Structurally diverse 11 2111 1
Mulch2 2 1
Leaf litter 2
Landscape cover (increased) 1 1 2
Landscape cover (decreased) 1 1 2
Canopy cover 1 1
Floral abundance112 3 1
Floral richness112
Garden age (older)1 1 1
Height of herbaceous cover 1
TOTAL9620180115329051
1 VCI: Vegetational Complexity index (VCI) as measured in Egerer et al. (2017) is categorized as Structural Diversity. 2 Floral: Floral additions in Egerer et al. (2018) are measured as floral abundance and richness.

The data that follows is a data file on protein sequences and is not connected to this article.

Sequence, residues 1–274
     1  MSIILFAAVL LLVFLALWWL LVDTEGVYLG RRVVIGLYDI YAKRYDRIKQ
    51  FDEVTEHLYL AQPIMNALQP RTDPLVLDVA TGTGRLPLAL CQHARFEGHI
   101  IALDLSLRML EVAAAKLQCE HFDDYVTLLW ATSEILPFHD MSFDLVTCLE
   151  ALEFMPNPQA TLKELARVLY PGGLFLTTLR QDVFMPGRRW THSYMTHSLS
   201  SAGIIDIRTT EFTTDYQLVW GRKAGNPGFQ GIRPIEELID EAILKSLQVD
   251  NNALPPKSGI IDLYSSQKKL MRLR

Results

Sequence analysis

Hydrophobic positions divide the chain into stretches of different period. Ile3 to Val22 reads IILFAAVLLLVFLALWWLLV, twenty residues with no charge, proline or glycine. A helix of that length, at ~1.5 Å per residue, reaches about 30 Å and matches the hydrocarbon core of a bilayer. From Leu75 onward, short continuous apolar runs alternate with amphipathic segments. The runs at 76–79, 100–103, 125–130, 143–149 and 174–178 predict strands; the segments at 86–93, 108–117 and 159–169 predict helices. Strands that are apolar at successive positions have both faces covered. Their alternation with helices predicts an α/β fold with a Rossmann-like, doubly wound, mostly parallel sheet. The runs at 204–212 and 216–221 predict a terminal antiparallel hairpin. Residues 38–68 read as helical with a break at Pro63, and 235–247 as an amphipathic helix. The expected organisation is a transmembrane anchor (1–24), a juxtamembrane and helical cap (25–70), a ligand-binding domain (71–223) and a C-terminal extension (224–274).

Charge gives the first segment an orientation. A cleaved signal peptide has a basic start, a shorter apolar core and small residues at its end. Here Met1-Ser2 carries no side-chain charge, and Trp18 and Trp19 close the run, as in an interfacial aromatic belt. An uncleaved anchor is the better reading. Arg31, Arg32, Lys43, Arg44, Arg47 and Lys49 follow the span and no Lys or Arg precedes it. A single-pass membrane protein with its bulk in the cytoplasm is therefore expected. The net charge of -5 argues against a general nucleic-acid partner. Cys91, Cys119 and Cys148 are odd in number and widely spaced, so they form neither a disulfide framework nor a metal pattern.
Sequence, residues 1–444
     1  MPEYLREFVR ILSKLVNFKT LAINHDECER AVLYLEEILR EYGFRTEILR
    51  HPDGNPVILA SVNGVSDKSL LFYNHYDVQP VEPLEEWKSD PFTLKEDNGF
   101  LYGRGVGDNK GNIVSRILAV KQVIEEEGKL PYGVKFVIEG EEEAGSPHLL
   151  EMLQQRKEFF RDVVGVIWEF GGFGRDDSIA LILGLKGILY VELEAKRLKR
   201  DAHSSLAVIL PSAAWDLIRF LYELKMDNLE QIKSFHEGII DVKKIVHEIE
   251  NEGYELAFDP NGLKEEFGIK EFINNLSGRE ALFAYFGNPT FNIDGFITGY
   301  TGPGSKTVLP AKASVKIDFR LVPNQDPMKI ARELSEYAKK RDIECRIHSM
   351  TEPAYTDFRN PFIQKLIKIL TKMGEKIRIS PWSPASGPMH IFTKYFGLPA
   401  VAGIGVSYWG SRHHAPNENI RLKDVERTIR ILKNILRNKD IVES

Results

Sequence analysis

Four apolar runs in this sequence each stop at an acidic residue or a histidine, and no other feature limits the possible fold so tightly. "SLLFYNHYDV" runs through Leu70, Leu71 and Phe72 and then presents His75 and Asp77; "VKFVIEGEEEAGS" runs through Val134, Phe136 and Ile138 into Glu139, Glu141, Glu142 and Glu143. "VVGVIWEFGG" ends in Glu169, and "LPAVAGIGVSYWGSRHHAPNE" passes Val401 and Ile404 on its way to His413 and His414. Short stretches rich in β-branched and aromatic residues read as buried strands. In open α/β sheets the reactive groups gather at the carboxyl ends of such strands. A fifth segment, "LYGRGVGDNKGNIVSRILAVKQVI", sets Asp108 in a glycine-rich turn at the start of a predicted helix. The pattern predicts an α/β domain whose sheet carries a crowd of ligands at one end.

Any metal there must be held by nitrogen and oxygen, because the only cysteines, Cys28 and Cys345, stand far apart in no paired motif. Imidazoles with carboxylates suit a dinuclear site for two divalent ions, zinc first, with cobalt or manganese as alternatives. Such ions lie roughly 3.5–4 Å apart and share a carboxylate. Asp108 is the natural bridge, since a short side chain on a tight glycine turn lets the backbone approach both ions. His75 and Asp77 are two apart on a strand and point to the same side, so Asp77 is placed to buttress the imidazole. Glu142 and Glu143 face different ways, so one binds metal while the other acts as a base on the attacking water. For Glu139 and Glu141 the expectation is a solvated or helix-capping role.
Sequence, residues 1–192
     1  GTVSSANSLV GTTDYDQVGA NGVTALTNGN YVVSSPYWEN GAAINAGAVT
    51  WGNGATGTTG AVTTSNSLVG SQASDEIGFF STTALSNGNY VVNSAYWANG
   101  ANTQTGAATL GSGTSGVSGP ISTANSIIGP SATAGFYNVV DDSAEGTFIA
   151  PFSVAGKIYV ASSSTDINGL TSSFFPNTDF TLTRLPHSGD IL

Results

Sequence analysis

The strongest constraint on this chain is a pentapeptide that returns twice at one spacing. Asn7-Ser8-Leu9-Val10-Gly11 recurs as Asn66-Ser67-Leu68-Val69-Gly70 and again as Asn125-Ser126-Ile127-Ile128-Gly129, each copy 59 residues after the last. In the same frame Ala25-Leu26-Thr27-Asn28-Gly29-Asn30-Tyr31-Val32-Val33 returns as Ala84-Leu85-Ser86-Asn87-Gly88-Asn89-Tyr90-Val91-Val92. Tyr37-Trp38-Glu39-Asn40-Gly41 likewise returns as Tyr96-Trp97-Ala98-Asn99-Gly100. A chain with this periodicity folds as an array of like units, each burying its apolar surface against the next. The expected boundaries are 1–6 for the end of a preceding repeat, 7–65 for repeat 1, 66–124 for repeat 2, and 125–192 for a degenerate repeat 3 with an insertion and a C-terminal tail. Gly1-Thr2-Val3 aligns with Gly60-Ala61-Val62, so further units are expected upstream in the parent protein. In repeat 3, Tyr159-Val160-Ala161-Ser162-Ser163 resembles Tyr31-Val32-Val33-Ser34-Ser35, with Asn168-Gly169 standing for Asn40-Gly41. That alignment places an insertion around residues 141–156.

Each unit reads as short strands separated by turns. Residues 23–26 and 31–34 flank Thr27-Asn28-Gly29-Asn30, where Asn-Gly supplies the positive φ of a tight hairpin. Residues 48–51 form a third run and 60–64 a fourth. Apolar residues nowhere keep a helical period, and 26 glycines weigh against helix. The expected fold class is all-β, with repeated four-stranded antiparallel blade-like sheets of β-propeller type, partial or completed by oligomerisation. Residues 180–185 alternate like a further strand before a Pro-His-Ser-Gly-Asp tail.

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MDPI and ACS Style

Arnold, J.E.; Egerer, M.; Daane, K.M. Local and Landscape Effects to Biological Controls in Urban Agriculture—A Review. Insects 2019, 10, 215. https://doi.org/10.3390/insects10070215

AMA Style

Arnold JE, Egerer M, Daane KM. Local and Landscape Effects to Biological Controls in Urban Agriculture—A Review. Insects. 2019; 10(7):215. https://doi.org/10.3390/insects10070215

Chicago/Turabian Style

Arnold, Joshua E., Monika Egerer, and Kent M. Daane. 2019. "Local and Landscape Effects to Biological Controls in Urban Agriculture—A Review" Insects 10, no. 7: 215. https://doi.org/10.3390/insects10070215